Are you a Brisbane Mum? Here at the Early Cognitive Development Centre in the School of Psychology at UQ we are running a study to investigate how babies communicate.
The testing involves a ~10 minute imitation game which young babies usually enjoy. For the first 6 months all testing occurs at your home where you and your baby can be most comfortable. After that there are visits (approximately every 3-6 months) into the university with free parking provided.
If you're interested I've copied the full details of our project below
Also feel free to visit our website: http://www.psy.uq.edu.au/research/ecdc/
Neonatal Imitation Project
Your baby, right from birth, may be trying to communicate with you – long before he or she can smile and talk. Through imitation games involving facial expressions, hand gestures and vocal sounds, your baby may be communicating with you and others in their social environment.
Unfortunately though, this is not known for sure; these imitative responses might just be reflexes or a response due to arousal and not necessarily a true sign of communication. While some research has investigated this issue over the past 30 years, there is still not a definitive answer and much controversy still exists. Therefore, at the Early Cognitive Development Centre in the School of Psychology, we are currently undertaking a large-scale project to establish whether imitation in the newborn period exists, and to determine whether babies’ imitative gestures are linked to later achievements in social responding and communication.
We invite you to participate with your infant in this research. The title of the project is:
“Do babies imitate from birth? Charting the prevalence, time course and social-cognitive correlates of neonatal imitation".
This study will be carried out within a longitudinal framework, meaning that multiple tests will be completed from birth to 18 months. The tests will always involve the filming of a 10-minute imitation game between the experimenter and your baby. We will also, on different occasions, assess your baby’s reflexes, motor development, temperament and communicative development. During testing, you are with your baby at all times.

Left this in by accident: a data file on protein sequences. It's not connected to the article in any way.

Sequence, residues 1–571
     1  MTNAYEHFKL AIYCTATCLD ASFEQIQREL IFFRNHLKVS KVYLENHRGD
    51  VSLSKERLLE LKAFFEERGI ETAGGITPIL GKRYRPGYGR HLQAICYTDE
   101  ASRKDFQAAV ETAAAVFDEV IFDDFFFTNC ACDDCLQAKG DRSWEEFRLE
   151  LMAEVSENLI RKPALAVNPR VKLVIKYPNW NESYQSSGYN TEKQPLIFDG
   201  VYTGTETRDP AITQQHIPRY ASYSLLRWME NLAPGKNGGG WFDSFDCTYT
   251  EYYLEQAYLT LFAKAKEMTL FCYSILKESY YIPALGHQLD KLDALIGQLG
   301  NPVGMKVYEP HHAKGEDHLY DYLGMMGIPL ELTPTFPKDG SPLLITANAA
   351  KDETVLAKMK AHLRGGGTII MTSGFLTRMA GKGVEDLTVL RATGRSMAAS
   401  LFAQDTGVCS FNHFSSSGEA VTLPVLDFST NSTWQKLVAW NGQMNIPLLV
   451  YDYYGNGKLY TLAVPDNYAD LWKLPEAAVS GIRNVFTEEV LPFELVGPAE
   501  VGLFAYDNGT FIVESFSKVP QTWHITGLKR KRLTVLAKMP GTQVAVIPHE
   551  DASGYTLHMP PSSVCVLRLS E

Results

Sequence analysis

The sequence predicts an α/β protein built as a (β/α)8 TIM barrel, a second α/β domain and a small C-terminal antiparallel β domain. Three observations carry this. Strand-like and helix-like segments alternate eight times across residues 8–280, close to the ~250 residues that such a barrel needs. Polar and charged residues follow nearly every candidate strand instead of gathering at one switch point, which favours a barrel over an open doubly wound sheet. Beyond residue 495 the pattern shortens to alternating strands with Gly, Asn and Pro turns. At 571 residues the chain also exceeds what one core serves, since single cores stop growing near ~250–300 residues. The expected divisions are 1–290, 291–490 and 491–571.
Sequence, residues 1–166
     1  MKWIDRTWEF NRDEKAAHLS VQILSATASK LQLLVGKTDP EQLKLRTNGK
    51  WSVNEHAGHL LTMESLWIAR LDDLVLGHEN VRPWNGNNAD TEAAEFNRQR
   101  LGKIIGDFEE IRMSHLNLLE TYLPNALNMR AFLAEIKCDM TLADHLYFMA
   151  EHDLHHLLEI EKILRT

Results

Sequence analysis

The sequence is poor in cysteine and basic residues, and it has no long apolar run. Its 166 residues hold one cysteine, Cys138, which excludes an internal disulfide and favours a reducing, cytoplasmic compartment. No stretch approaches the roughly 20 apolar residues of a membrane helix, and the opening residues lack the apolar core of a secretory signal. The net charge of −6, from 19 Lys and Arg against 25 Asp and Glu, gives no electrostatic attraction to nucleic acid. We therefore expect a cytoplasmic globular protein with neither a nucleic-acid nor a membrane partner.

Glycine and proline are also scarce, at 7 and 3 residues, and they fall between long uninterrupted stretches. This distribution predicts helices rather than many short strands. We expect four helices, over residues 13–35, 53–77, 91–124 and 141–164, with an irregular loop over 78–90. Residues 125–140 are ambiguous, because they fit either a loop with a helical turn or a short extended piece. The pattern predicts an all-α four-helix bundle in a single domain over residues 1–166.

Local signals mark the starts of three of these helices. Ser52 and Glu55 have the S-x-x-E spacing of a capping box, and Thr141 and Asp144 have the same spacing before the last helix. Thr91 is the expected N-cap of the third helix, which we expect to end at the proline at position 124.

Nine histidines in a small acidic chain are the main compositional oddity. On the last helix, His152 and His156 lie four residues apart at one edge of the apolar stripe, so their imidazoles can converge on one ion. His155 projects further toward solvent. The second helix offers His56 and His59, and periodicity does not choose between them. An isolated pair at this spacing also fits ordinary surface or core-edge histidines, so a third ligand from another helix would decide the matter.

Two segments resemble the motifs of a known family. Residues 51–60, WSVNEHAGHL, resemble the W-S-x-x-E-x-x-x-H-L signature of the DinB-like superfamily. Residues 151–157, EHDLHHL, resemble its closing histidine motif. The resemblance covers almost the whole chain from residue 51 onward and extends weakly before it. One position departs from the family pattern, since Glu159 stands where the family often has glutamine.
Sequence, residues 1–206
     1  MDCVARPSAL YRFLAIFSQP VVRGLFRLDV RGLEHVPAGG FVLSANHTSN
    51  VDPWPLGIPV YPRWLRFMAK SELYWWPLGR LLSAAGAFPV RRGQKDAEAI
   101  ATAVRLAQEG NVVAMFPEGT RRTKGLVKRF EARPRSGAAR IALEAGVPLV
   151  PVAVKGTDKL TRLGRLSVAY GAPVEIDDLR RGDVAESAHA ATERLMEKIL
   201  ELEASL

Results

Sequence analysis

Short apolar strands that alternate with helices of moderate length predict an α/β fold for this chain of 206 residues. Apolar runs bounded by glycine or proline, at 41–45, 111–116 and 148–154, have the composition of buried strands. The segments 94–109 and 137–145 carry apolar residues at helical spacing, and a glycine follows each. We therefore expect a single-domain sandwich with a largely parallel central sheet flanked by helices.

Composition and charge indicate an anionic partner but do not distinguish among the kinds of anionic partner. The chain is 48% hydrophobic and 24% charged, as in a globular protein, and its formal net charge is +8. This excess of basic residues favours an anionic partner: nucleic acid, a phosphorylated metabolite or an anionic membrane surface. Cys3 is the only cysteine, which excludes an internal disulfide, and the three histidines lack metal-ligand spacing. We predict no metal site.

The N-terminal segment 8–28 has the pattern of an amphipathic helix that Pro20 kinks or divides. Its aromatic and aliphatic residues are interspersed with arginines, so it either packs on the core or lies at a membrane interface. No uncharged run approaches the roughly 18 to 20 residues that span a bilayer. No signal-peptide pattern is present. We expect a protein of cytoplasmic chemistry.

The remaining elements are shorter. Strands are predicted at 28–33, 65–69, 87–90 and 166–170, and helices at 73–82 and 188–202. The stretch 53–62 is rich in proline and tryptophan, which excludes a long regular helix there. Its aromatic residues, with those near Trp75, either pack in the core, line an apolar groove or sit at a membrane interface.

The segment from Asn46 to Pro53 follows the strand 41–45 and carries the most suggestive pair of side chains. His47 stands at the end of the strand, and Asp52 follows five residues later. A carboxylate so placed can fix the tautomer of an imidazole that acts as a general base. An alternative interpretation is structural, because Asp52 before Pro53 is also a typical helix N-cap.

The first six tests, which we will try to schedule when your baby is 1-2, then 3, then 6, 9, 12 and 18 weeks old, will take place in your home, at a time that is convenient and agreeable to you. Each visit should take about half an hour. An additional four tests, which we will try to schedule when your baby is 24 weeks, 9 months, 12 months and 18 months old, will take place at the Early Cognitive Development Centre in the School of Psychology at UQ. These appointments will also take about half an hour, and parking is provided. In appreciation of your willingness to travel to the ECDC to participate in the study, we will offer your baby a certificate of participation and a small gift at the conclusion of each lab visit.
During testing, your baby will be videotaped. All data that we record will be kept strictly private and confidential and at any time during the testing should your baby become upset or distressed, the testing will stop immediately. You may withdraw from any testing session, or from the study as a whole, at any time and for any reason.
This study is being conducted by a team of developmental psychologists from the School of Psychology at UQ: Professor Virginia Slaughter, Dr. Mark Nielsen, Professor Thomas Suddendorf and Ms. Janine Oostenbroek. The study has been cleared in accordance with the ethical review processes of the University of Queensland and within the guidelines of the National Statement on Ethical Conduct in Human Research. If you wish to discuss your participation with project staff please feel free to phone Siobhan Kennedy, a research assistant associated with the project (contact details are at the end of this letter).
We would very much appreciate your voluntary participation in this study. The results of this study will provide new and important information about early imitation in babies and should clarify whether or not they communicate through imitation from birth. Your assistance will be greatly appreciated and at the conclusion of your participation in the project, we will send you a description of the outcomes as well as a video diary of your baby’s development compiled from the video footage gathered during your participation in the study. You will also receive biannual ECDC newsletters with updates on the outcomes of this and other studies going on in our lab.
If you are interested in taking part in this study, please contact Siobhan Kennedy to make an appointment. Siobhan is reachable by email: firstname.lastname@example.org. Thank you in advance for your generous participation.